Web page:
Biowulf High Performance Computing at the NIH
Locally Mounting HPC System Directories

The HPC System Directories, which include /home, /data, and /scratch, can be mounted to your local workstation if you are on the NIH network or VPN, allowing you to easily drag and drop files between the two places. Note that this is most suitable for transferring small file. Users transferring large amounts of data to and from the HPC systems should continue to use scp/sftp/globus.

Mounting your HPC directories to your local system is particularly userful for viewing HTML reports generated in the course of your analyses on the HPC systems. For these cases, you should be able to navigate to and select the desired html file to open them in your local system's web browser.

Windows: Mapped Network Drive

  1. On your desktop machine, open the 'Computer' tab and open the Tools → Map Network Drive tab.

    My Computer folder

  2. Enter the directory you want to mount as follows:

    • /home/[user]: \\\[user]
    • /data/[user]: \\\data
    • /scratch: \\\scratch
    • Shared group area (e.g. /data/PQRlab: \\\name_of_shared_area

    Make sure to replace [user] with your NIH login!!!

    Map Network Drive window

    Because the NIH HPC systems are authenticated using NIH Login, you should not have to enter your user or password. Click the 'Finish' button.

  3. You have successfully mapped your HPC directory to your desktop machine! You should see a network icon in the My Computer folder. You can create a shortcut to this drive on your desktop.

    /home icon

  4. Please note that the disk usage information is not correct for your /home directory, but it is correct for your /data directory.

    /data icon

Windows: Add Network Location

This method is ALWAYS ACCESSIBLE unless there are network issues or you get a new machine.

  1. On your desktop machine, right-click the 'Computer' tab and click the 'Add Network Location' menu item to start the wizard. Click 'Next' when the following window pops up

    add network location

  2. Click 'Next' in this window

    where to create

  3. Enter the shared drive you want to mount as follows:

    • /home/[user]: \\\[user]
    • /data/[user]: \\\data
    • /scratch: \\\scratch
    • Shared group area (e.g. /data/PQRlab: \\\name_of_shared_area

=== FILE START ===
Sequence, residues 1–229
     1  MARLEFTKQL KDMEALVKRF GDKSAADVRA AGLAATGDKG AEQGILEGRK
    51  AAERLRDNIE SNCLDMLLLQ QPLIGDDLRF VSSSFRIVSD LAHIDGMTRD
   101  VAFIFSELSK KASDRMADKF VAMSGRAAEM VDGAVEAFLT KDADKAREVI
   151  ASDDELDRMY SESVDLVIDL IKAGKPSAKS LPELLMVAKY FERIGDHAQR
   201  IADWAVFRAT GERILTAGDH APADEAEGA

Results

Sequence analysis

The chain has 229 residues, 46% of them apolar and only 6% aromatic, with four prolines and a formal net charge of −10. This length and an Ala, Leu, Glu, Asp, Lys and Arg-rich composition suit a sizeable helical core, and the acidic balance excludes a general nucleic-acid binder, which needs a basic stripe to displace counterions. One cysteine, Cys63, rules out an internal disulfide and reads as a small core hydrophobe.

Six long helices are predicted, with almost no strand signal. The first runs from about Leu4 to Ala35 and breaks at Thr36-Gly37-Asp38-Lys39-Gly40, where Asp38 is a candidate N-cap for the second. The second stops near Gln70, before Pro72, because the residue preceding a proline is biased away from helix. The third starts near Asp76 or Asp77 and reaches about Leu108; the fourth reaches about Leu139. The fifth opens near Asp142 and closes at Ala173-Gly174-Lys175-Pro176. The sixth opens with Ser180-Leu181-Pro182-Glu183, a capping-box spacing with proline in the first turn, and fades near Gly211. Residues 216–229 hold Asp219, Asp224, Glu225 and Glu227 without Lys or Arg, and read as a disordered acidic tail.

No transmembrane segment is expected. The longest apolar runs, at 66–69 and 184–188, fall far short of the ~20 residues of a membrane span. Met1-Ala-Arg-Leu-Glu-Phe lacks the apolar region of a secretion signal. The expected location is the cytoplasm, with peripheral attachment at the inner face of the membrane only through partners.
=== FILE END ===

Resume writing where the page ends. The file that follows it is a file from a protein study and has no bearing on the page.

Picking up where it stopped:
Make sure to replace [user] with your NIH login!!!

    specify location

    Click the 'Next' button.

  4. You can name the location, although, the default name is fine.

    name location image

  5. Completing the wizard

    completing the wizard

    Click the 'Finish' button

    /data icon

    To see larger image, right-click &arr; View Image

Macs: Mapped Network Drive


Mac users should consider creating (or editing) the following file on their system if they would like like to use mapped network drives:


include this line in the file (it may be the only contents of the file):


After the file is created/appended, reboot your Mac. This will profoundly increase file-transfer performance. Without this alteration, performance may be bad enough to render Helixdrive shares unusable. If you are unable or unwilling to set this file, you'll likely want to use sftp or scp rather than Helixdrive.

  1. From the main Mac menu, click on Go → Connect to server.
  2. For 'Server address', enter the HPC directory you want to mount:
    • /home/[user]: smb://
    • /data/[user]: smb://
    • /scratch: smb://
    • Shared group area (e.g./data/PQRlab): smb://
    (Replace 'user' by your NIH login username.)

    server connection display

  3. Click 'Connect' and in the subsequent window, enter your NIH Login user and password. NIH AD usernames and passwords are used to connect to all Helix & Biowulf services.


  4. The requested area should now be mounted as a shared drive. In your Finder window, you will see '' listed under 'Shared', and can drag and drop files to your HPC directories.

    folder display

Linux: Mapped Network Drive

Since your uid/gid is likely to be different on your desktop than on biowulf you may also need to include the uid and gid options. For example, if you local uid and gid are 3245, you would add uid=3245,gid=3245 to the mount option string.

You will need to have the cifs-utils package installed in order for this to work.

Typical mount commands for accessing a CIFS file system:

To mount your Biowulf /home/[user]:

mount -t cifs -o rw,vers=2.0,nosetuids,sec=ntlmsspi,user=jdoe, //[user] /mnt/bw-home

To mount your Biowulf /data/[user]:

mount -t cifs -o rw,vers=2.0,nosetuids,sec=ntlmsspi,user=jdoe, // /mnt/bw-data

To mount Biowulf /scratch:

mount -t cifs -o rw,vers=2.0,nosetuids,sec=ntlmsspi,user=jdoe, // /mnt/bw-scratch

To mount a shared group area: (e.g. /data/PQRlab)

mount -t cifs -o rw,vers=2.0,nosetuids,sec=ntlmsspi,user=jdoe, // /mnt/bw_PQRlab

Note that the path of the local directory used as mount points may have to be adapted to your situation and jdoe has to be replaced with your Biowulf username.